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Opinion

Coronavirus challenges Southeast Asia's fragile democracies

Governments turn to military to prevent social unrest after economic crunch

| Indonesia
Train passengers wear masks at Senen Train Station in Jakarta on Mar. 20: governments must think about how to maintain order as well as save lives.   © LightRocket/Getty Images

The pictures on social media showed three men armed with assault rifles guarding the entrance to a convenience store in the Thai beach resort of Pattaya after thieves were reported to have stolen cash from a similar store. This is a scene that could become more common around Southeast Asia as strict measures aimed at combating the COVID-19 virus start to impact on employment and livelihoods.

Understandably, the focus of governments in the region is on stemming the spread of the virus, which has infected more than 7,000 people in the 10 ASEAN states, with many more cases likely to be confirmed.

But the economic impact will also be severe, despite relatively high growth rates and healthy reserves in some countries. Anger and frustration will well up in societies that face high levels of inequality, poor governance and injustice. Governments must think about how to maintain order as well as save lives.

The first segment of society to be affected has been the armies of migrant workers that staff low-paid areas of the service and retail sectors. With malls closing and restaurants shuttered under strict lockdowns, migrant workers were among the first to be laid off. Many of them have struggled to get home as borders close and airlines terminate scheduled flights.

Without support, these migrants will be unemployed and possibly homeless. They are also an easy target for the authorities. In Singapore, the authorities were quick to announce that migrant workers who violate strict social distancing regulations will lose their work permits.

The widespread reliance on the informal sector for sources of income also means that most Southeast Asian countries have large numbers of workers who rely on cash wages in irregular or menial work. Even for those in marginally more regular employment, such as the army of motorcycle drivers in Jakarta, the COVID-19 crisis spells the end of regular incomes.

Rising poverty could increase crime rates and trigger outbreaks of social unrest, which explains why some governments have hesitated before imposing stringent lockdowns. Indonesia's President Joko Widodo is one of the most reluctant because his advisers have warned that a surge of jobless people returning to their hometowns and villages will exacerbate both social unrest and the spread of the virus.

There are no easy answers, not least because an exponential increase in infections would place a huge burden on already inadequate health care systems and threadbare social safety nets.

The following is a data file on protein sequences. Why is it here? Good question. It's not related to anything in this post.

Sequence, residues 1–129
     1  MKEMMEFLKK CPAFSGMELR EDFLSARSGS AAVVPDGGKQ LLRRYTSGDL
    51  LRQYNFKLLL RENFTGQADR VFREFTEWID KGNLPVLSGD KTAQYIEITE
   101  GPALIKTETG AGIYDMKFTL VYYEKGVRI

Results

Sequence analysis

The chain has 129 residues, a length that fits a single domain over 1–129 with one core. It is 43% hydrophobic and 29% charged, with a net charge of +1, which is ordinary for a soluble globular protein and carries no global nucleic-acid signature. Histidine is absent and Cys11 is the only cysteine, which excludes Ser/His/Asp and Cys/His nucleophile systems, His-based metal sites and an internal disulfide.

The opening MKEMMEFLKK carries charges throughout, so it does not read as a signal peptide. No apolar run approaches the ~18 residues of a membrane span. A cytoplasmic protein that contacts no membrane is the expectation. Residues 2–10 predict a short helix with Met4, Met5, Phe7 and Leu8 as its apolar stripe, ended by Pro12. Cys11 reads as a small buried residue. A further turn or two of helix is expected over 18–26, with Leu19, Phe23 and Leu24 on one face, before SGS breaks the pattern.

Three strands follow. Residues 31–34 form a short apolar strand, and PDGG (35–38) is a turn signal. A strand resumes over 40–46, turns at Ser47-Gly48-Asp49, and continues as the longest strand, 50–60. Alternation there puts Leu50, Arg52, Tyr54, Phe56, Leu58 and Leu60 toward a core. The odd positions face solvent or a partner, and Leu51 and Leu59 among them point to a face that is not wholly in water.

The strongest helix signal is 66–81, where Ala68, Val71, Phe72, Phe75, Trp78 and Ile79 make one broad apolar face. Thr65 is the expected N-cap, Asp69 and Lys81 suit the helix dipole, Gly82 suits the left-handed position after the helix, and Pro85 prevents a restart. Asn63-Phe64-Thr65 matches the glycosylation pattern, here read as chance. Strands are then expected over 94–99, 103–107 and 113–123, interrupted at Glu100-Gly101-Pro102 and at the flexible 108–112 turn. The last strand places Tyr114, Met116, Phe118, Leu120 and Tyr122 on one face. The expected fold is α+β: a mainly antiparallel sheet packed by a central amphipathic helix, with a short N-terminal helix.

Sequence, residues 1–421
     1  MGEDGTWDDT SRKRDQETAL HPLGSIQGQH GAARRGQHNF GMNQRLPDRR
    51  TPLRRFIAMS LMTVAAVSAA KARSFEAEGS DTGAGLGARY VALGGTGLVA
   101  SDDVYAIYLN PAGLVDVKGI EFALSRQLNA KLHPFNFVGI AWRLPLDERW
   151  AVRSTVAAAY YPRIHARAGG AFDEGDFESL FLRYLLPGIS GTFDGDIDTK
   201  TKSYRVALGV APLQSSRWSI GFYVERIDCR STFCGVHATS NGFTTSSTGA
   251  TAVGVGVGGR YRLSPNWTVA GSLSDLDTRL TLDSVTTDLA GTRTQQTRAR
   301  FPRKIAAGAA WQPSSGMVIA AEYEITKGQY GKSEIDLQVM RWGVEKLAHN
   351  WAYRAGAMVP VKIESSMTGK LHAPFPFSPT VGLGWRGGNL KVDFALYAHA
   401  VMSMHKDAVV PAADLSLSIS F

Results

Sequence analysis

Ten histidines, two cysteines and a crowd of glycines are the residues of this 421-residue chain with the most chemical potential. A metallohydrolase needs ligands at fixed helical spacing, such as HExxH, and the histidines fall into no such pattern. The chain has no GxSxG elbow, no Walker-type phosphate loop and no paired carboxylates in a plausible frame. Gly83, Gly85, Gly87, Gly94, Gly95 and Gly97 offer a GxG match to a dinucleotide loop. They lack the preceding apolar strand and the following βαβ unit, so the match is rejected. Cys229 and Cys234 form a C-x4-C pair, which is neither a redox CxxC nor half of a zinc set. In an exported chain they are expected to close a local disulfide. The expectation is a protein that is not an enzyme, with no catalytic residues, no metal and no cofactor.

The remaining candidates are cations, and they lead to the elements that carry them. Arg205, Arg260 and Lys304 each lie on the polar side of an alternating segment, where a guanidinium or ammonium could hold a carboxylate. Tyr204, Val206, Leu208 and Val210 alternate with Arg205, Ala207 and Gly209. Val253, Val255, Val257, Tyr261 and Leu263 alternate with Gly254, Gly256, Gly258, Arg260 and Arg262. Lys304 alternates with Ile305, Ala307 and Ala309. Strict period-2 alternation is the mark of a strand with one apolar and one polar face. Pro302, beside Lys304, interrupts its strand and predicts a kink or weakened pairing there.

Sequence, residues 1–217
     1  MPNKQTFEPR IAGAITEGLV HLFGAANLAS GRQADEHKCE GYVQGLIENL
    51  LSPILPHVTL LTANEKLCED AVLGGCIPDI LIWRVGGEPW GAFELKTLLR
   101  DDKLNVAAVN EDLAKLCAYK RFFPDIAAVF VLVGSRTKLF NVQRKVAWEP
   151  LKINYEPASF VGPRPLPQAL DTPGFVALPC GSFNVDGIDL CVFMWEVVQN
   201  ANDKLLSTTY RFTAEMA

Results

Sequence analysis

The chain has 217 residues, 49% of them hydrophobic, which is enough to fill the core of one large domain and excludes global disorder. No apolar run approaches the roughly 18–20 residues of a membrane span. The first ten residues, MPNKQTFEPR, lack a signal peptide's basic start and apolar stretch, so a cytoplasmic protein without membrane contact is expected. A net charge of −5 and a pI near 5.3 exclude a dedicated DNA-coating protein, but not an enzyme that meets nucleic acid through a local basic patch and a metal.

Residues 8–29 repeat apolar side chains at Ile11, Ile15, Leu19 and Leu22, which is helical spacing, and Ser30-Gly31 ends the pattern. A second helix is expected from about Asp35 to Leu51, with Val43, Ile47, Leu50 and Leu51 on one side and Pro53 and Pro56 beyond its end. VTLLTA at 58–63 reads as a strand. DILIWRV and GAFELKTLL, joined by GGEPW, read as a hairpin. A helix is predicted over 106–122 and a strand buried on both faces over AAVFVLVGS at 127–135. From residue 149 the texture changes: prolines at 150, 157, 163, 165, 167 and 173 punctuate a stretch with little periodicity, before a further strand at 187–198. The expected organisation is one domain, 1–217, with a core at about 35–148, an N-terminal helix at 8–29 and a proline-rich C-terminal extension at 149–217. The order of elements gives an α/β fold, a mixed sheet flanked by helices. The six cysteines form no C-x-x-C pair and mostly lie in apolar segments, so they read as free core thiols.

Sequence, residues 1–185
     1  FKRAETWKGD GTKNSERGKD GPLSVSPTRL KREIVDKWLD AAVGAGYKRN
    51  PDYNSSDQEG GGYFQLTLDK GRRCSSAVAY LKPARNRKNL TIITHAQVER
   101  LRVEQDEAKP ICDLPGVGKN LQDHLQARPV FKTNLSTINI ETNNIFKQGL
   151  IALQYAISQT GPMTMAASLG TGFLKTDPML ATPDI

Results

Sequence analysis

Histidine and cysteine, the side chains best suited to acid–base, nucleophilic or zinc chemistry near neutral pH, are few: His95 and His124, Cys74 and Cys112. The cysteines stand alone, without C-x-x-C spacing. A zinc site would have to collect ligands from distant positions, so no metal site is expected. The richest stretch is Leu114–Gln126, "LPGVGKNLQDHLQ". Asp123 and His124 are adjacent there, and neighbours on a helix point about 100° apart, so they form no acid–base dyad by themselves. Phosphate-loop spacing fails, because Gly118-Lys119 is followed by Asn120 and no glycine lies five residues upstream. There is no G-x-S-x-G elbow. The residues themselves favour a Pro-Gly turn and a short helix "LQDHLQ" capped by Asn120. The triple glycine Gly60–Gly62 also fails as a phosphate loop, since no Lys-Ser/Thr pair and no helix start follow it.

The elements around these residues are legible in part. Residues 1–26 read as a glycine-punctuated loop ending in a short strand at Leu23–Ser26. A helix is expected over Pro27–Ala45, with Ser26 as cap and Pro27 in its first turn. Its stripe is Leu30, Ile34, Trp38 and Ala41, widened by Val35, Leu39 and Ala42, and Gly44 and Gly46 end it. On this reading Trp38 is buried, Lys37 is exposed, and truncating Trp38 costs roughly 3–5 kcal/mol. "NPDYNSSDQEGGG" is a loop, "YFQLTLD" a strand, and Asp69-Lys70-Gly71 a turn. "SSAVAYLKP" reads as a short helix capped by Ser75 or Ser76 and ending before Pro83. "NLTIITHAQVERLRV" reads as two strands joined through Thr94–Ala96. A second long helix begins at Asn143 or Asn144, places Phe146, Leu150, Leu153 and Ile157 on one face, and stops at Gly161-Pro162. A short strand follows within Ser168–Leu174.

There are two trends already evident in how the health crisis may impact on the politics and governance of the region over the longer term: the undermining of centralized authority and the increasing influence of the military.

In Indonesia, strains have appeared between central government in Jakarta and the provinces. In the province of Papua local authorities came under pressure from the community to close the airport, which they have now done.

In the city of Tegal, in Central Java, the mayor enforced a lockdown in defiance of central government guidelines. Jakarta has reacted sharply to these moves, with provincial governors ordered to countermand and lift locally imposed lockdowns.

In the city of Tegal in Central Java, pictured on Mar. 27, the mayor enforced a citywide lockdown in defiance of central government guidelines.   © Reuters

Hard-pressed to deploy the machinery of civilian government effectively, Widodo has turned to the military. The new head of the country's COVID-19 task force, Doni Monardo, is a retired special forces general. In Jakarta, the city's military commander is leading the medical care effort. As the Jakarta Post wryly observed: "Having clung to power or revolved around it for most of the nation's history, former military figures are able to tap into the ample resources of a well-established network of influence."

Similar patterns may emerge in other countries where there are challenges to central government and where the military remains powerful politically, as in Thailand and Myanmar.

One real risk in societies already afflicted by identity politics and tensions between ethnic and religious communities is that misinformation about the COVID-19 virus will spark communal conflict. Myanmar is using concern about COVID-19 infection among Rohingya migrants in Bangladesh to put off further discussions about their return and is already quarantining those who try.

To bridge these divides and address mounting public anger and frustration civil society must play a bigger role. In Thailand civil society groups are using social media platforms to combat the spread of false rumors and misinformation, fearing the impact on social stability.

Information is a valuable weapon in the fight against the pandemic. Sadly, under pressure to shore up authority and preserve stability, many governments in the region are more inclined to control and distort the information flow as they see their power and legitimacy threatened.

That makes it all the more important for citizens to insist on protecting their own communities by joining hands with civic groups and networks of professionals to insist on better and more transparent policies.

Michael Vatikiotis is the author of "Blood and Silk: Power and Conflict in Modern Southeast Asia."

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